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Stalking Vol 2: The Bridge of Reason


"What's the last thing left in this world that touches your heart?"
"Sailing."
"That's where you convalesce. What about Otis?" she said, referring to a dog she had used
for a lesson about social conformation.
It took me a moment to tie my love of dogs to a job I had worked in a culture more similar
to mine. "Arkansas?" I said, perplexed.
"Recount that job for me."
In October of 1981, we were on a story involving the mid-American Bible Belt. One of o ur
stops was fifty miles from Little Rock, where shacks built from crates and aluminum sheeting
spotted the countryside. The roads were narrow and bumpy from lack of maintenance, and
domestic and wildlife carcasses. Otherwise, there was a spectacular beaut y as the leaves of
autumn turned the forests to fiery hues; the air seemed to have a sweet flavor.
Our destination was a parish where the Baptist minister was known as a gifted speaker, and
purportedly a prime example of how religion ruled the back-country. O ur quest was to document
whatever we found in this regard: we expected a high degree of incongruity between the theory
of brotherhood and social equality, as represented by the lifestyles of the idealists who existed on
the funds of the practitioners. And we did.
The church was nestled within a forest off the main road. Evidently, this modern structure of
wood and glass, large enough for a small city to take pride in, was a central point of reference—
the poor man's Vatican situated in the middle of its most needy followers.
As impressive as its elegant exterior was to the eye, the inside was pristine. Deep pile, blue
carpeting ran throughout and between highly polished pews, surrounded by three balconies. The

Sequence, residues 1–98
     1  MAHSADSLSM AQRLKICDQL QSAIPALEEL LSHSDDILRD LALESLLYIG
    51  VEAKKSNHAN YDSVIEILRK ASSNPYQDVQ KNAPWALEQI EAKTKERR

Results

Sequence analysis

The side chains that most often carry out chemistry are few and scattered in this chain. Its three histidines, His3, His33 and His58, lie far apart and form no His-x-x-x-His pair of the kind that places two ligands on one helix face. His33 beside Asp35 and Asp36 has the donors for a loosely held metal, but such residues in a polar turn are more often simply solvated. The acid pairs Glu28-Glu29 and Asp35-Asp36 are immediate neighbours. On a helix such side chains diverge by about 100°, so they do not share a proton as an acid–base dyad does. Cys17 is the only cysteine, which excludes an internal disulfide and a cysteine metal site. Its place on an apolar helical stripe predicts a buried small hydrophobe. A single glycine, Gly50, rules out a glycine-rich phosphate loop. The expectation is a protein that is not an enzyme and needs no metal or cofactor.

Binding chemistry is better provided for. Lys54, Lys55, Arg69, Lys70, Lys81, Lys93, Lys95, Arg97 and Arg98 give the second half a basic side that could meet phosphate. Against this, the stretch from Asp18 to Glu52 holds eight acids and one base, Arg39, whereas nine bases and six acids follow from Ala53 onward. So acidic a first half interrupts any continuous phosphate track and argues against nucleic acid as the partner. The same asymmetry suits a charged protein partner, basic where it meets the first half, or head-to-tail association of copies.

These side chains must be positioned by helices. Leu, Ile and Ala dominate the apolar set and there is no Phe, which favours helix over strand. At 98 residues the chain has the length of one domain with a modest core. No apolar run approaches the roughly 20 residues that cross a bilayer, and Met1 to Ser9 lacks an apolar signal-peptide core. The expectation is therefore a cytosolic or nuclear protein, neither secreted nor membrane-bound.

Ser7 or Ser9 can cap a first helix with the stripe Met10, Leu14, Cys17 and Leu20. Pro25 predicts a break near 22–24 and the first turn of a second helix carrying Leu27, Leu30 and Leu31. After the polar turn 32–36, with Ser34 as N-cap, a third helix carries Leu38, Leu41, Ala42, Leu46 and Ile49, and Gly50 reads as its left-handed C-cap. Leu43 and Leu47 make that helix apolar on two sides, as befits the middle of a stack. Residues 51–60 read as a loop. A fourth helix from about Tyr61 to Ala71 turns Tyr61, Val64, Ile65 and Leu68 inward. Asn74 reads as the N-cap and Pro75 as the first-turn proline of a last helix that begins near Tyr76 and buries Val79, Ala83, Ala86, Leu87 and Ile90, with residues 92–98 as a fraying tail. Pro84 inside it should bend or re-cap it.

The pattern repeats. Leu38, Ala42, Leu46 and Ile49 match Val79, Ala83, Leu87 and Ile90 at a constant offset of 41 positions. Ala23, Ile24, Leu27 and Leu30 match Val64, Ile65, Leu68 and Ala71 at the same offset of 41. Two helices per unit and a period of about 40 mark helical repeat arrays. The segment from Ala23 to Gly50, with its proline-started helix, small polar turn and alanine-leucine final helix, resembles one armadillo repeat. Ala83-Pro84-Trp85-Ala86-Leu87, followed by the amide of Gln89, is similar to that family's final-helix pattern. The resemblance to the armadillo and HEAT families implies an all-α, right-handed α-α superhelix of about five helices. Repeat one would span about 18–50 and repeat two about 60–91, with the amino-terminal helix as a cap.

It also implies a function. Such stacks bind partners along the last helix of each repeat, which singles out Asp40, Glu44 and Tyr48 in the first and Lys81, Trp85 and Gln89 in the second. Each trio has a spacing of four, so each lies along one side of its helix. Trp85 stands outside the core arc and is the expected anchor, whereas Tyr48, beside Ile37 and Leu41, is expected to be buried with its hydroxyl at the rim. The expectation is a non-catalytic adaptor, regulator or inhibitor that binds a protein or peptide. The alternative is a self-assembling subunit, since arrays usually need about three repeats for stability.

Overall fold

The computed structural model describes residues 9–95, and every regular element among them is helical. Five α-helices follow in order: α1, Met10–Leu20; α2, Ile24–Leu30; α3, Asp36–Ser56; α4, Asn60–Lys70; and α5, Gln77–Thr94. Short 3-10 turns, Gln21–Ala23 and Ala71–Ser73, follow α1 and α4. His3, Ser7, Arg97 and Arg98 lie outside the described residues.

podium was professionally lit, innocuously wired for sound, and positioned higher than
necessary for the congregation to see the preacher from any seat. His elevated status reflected his
relationship to God, as it is in most places of worship.
At the rectory, we asked where we might find the preacher.
"Home. You cain't miss it," one of his minions said.
Another one thought to describe its location to us…
At our first stop for additional directions, we heard, "Yu'all, go anudder bit ta-thu birch,
thane turn that-a-way at the sign. Up yonder you'll see it."
Prior to our second stop for directions, we learned that internationally recognized aids to
travelers did not carry the same meaning in the Arkansas out-back that they did when I had
passed my driver's test in Toronto. Stop signs, for example, were regarded as targets, whereas
Yield signs were overt challenges, and possibly a rite of passage into manhood—or the great
beyond. No signage at some crossroads remained a perilous mystery.
After our third stop for directions, our British producer, Neville, cracked the cultural code
that had taken us on an otherwise beautiful drive in the countryside. ‘That-a-way’ was the
direction one nods their head, and not necessarily the direction in which one points—the hand is
often used to scratch a body part at the conclusion of a sentence. ‘Up yonder’ is color
commentary that bore no direct relationship to inclines or distance, other than to imply ‘not
obvious.’
‘Anudder bit’ turned out to be roughly a half mile.
The birch tree was an unmarked historical reference point, certainly KKK related. As it was
one tree among many birches, it also rendered the phrase, "You cain't miss it," as portentous an
utterance in the southern USA as it is everywhere else in the known universe—in time, it would
be true.
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